Sunday, January 22, 2012

Luck and a Holiday

I've generally been known to be quite extroverted. I talk to people because everyone is so fascinating a store of full of stories, experiences and views. As a result of talking to anyone and everyone I have more cool coincidences and serendipitous events than most people or at least it seems that way. Last week was a prime example; while on the other side of the creek around New Year's I found a small but beautifully decorated guest-house. The owners were shocked to see that I'd swam across and invited me for a drink. We chatted and I mentioned about my project and then went home. A week later they called me saying would I come over to meet their son Jay, who was interested in the work. I could have easily said no, I have lots to do and what does this meeting matter really, but instead I went. They collected me in a kayak and we paddled over the creek to the coral area. We had a nice snorkel and Jay was impressed. After they cooked me a delicious fish meal for lunch and we chatted about the work. Papu, the owner of the guest-house, said towards the end of the meal, “Well we'd like to help in anyway we can, perhaps we can throw a boat your way?” Just like that! Before long I'd said my thanks and goodbyes and set off from the beach in a gorgeous yellow sports kayak, they're lending me until March. Moral of the story, talk to everyone because you never know where it will end up!
I've been staying on the small island of Wasini near the border with Tanzania. It's a small undeveloped coral rag outcrop in the Indian Ocean, where 100% of the population are strict muslims. I'm staying at a volunteer centre of Global Vision International (GVI) a gap year company who focus on conservation and community work. I needed some time away from Mwamba and Watamu as it was getting a little claustrophobic, so I wanted to explore the South Coast. I met the manager and a few staff of GVI at the conference in Mombasa in October and decided to check it out.
Most of the volunteers at GVI are young guys who've only arrived in Africa for the first time a week ago. Having chats with them is fun because it reminds me of home, but also its good because its nice to see how much I've grown in the past year. I'm the only person at A Rocha not born in Kenya and hence having to learn how to deal with things my colleagues are used to and often feeling quite ignorant. Hanging around with these volunteers makes me see how much I've learnt.
The reefs near Wasini are supposed to be the best in Kenya, which was a major pull here. Since I started the marine research in Watamu I felt a slight disappointment the whole time that I don't know what a pristine reef looks like. I had a lot of expectations for the reef here! I went to Kisite Park yesterday which was supposed to be the big moment. When I jumped in the water it was great, but I wasn't overwhelmed. It was really nice, for sure, but the not stunning experience I had built it up to be. It was quite encouraging really because there are some areas in Watamu I would say are comparable to the reef in Kisite. The fish were great too, big marbled grouper and really high butterfly fish diversity, which is a clear indicator of coral health. Its also encouraging because the park is well off-shore on a remote island and as result is well protected.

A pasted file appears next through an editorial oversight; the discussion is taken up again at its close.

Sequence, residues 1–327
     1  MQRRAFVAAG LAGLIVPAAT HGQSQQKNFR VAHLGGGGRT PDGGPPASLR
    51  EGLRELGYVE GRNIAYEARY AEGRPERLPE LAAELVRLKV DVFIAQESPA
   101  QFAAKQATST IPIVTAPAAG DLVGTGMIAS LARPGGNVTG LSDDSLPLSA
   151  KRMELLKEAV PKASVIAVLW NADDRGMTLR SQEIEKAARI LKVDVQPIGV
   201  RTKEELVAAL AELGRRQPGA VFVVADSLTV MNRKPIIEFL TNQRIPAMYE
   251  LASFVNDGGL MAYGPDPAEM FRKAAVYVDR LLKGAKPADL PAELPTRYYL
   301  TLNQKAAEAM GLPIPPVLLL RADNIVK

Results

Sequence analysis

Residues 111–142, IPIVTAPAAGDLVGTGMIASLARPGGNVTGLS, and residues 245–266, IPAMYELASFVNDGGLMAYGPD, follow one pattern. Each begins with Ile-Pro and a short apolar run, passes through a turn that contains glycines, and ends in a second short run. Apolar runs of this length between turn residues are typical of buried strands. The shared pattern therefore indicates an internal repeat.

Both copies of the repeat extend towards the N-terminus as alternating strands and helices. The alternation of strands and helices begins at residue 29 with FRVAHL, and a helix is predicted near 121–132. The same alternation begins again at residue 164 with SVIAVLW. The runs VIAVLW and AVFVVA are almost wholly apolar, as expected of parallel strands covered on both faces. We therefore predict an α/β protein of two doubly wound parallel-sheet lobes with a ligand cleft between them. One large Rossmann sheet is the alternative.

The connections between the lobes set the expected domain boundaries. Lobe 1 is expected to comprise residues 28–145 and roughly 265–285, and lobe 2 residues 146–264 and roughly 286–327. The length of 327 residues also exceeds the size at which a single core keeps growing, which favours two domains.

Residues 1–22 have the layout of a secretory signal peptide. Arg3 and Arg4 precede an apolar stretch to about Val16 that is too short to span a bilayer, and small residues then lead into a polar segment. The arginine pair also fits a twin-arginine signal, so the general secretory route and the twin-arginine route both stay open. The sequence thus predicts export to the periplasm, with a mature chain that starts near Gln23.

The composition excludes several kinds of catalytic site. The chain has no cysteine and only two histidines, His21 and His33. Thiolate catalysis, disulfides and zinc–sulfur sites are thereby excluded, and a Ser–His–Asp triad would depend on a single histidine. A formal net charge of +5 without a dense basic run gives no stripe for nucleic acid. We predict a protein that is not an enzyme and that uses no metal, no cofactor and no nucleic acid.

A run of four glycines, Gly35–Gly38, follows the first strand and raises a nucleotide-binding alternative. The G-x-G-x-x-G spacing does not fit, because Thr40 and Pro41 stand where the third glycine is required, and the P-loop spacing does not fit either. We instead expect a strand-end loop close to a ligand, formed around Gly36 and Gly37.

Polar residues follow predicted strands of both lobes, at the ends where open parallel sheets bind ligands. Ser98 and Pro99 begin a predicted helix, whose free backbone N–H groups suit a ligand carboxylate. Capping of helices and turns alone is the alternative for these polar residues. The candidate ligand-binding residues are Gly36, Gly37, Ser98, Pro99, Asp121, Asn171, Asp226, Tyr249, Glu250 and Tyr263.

The community here on the island are quite different to what I'm used to elsewhere in Kenya. I think its a combination of being relatively unused to seeing Wazungu, being strict muslims and living on a small island which they never leave. I definitely noticed some characteristics that reminded me of Scilly! A general suspicion and hostility to outsiders must be something islands do to people! With many people on the island though it didn't take long to break through this veneer, especially when I introduced myself by my African name, Charo. Here's a few photos from an afternoon walk into the village. A little girl stopped me as I entered the village, saw my camera and demanded a photo.
Standing to attention for the photo

Like an alarm had gone off, several other children emerged and also wanted photos too.

I stopped by the local cafe for a cup of sweet ginger tea and chapattis.

Mama Rama cooks her perfectly circular chapattis over a wood three block stove in the corner and keeps her tea warm in thermos flasks.

She is the centre of the village and a social hub, for which her raw joyous laughter and welcoming personality are perfect.

The time here in Wasini has been a mix of reading, snorkelling and relaxing in tropical paradise. Its been a really great time away. I head back to Watamu tomorrow ready to get into fieldwork, but just before then I think I'll go for one last wallow in the turquoise lagoon :-).
Lone fisherman surveys his kingdom